The U.S. House of Representatives last week voted 312-111 in favor of requiring publicly traded companies to treat stock options granted to top executives as expenses, USA Today reports.
The House measure would require companies to record only the stock options
granted to the top five executives as expenses. The bill would override a plan
by the Financial Accounting Standards Board, which wanted the value of all employee stock
options to be deducted from net income.
The House legislation includes an exemption for some small businesses.
Tech companies, which had lobbied in support of the legislation, cheered the
The legislation faces an uncertain future in the Senate, where critics of the
legislation say a mandate to expense all employee stock options is necessary
as a deterrent to accounting fraud, the newspaper notes.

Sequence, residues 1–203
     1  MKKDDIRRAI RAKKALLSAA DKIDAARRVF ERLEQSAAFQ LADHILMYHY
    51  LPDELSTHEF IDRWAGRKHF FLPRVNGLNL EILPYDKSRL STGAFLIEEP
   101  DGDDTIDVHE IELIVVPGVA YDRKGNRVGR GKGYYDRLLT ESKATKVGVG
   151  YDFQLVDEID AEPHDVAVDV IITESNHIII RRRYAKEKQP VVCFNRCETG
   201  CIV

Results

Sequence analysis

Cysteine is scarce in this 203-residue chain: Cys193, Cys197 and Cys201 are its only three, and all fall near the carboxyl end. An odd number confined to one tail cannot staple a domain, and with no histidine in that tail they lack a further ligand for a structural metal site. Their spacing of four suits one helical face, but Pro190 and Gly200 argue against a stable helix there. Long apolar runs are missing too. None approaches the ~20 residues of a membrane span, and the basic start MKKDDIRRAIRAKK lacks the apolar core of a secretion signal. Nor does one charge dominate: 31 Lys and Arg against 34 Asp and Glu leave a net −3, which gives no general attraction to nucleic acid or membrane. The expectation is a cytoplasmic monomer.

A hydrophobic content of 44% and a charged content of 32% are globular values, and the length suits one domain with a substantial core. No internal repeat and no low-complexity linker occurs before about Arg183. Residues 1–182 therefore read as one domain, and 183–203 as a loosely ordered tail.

"I'm going to fight it with every last bone in my body," Sen. Peter
Fitzgerald of Illinois tells the newspaper. "It would be the biggest setback
that American investors could suffer."
Under current rules, there is no requirement to treat stock options as expenses,
but some companies have voluntarily done so in the wake of the recent corporate
accounting scandals. The Financial Accounting Standards Board is reviewing a proposed rule that would require publicly traded companies to expense all employee stock
options. The House measure, if it becomes law, would preempt the board's proposal.